Treating silver galvanically can be accomplished by using mossy zinc oraluminum in caustic soda, asdescribed earlier for iron. Variations include using mossy zinc or aluminum granules with heated 30percent formic acid (Plenderleith and Torraca 1968:241-246; Plenderleith and Werner 1971:197, 221). After treatment, the metal is rinsedthoroughly and then dehydrated in a water-misciblesolvent and sealed with clear acrylic lacquer. Galvanic cleaning is effective, butthere is no reason to recommend it over electrolyticreduction or alkaline dithionite treatments.
ELECTROLYTIC REDUCTION CLEANING
The electrolytic cleaning of silver takes advantage of the reduction action of electrolysis by removing the chloride and sulfide ions fromsilver chloride and silver sulfide. When a direct current is applied, the negatively charged chloride and sulfide ions migrate toward thepositively charged anode. The chlorides may form as chlorine in the solution,and the sulfides oxidize to sulfates. Since the anions donot react with the inert anodes, they accumulate in the electrolyte and arediscarded with it. During the process, the silver in thecorrosion compounds is left in a metallic state.Two methods of electrolytic reduction cleaning have been described in theconservation literature; the methods are referred to by Organ (1956) as normal reduction and consolidative reduction. Normalelectrolytic reduction uses a fully rectified direct current (DC)power supply. Consolidative reduction employs a partially rectified(asymmetrical) alternating current (AC) power supply. Bothtechniques require that a metal core be present in the object. The ConservationResearch Laboratory at Texas A&M University dealsprimarily with the normal reduction process in 5 percent formic acid, essentially as it is described in Plenderleith and Werner(1971:222). Both techniques are discussed below.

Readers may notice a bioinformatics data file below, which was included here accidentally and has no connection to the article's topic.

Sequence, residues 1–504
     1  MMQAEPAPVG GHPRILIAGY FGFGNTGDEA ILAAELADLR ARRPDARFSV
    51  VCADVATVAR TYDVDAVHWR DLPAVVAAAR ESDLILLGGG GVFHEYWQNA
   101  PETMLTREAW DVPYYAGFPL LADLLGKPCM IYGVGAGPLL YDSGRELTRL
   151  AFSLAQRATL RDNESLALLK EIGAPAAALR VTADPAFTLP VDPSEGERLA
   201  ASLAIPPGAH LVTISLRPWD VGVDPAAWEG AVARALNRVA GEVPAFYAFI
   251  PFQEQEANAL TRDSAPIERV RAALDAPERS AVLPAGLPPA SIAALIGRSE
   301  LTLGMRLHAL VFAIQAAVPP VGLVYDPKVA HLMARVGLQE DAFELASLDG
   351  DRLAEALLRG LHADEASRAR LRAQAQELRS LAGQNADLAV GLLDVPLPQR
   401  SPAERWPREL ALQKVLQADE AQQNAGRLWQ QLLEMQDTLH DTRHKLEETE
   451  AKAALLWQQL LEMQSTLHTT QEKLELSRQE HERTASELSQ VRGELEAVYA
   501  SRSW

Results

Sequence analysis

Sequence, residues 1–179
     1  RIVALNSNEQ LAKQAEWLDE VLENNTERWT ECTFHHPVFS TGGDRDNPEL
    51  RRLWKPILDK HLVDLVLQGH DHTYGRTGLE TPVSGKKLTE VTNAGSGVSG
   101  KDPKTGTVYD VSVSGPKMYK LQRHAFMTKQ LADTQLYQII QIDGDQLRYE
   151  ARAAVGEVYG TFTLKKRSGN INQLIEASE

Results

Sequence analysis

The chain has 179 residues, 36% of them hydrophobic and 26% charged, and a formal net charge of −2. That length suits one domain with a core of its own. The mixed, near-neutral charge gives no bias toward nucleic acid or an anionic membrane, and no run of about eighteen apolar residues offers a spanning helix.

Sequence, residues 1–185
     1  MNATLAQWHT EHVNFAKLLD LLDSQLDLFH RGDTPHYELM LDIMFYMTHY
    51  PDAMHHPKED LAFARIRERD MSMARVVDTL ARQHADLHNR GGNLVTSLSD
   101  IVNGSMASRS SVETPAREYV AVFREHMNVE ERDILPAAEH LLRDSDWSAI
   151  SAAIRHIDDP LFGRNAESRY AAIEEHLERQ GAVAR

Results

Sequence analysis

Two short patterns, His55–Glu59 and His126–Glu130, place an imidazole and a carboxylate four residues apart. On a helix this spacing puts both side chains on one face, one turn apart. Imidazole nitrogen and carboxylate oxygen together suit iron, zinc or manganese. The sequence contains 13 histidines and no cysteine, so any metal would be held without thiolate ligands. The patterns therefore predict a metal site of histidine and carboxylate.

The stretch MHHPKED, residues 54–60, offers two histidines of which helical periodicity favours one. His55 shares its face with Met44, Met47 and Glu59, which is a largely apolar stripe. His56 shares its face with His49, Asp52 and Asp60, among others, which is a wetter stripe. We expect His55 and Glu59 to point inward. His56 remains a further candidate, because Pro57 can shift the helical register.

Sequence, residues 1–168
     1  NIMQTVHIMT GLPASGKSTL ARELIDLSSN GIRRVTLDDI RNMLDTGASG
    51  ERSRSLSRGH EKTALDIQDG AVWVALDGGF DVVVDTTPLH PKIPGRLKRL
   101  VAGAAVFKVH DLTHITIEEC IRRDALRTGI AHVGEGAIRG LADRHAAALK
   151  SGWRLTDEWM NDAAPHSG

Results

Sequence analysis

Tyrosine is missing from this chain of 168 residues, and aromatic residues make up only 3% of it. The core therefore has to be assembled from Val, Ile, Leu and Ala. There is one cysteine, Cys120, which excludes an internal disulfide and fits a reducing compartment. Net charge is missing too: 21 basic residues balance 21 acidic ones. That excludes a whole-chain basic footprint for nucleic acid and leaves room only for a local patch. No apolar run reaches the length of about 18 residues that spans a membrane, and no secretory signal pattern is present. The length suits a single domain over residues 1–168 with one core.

Two electrolytes, formic acid (HCOOH) and sodium hydroxide (NaOH), are usedto clean silver. Although electrolyte concentrationsof 5-30 percent HCOOH and 2-15 percent NaOH in de-ionized water have beenproposed (Organ 1956:129; Plenderleith and Werner1971:222; Pearson 1974:299), 5 percent HCOOH or 2 percent NaOH solutionsare generally used as electrolytes for cleaning silver.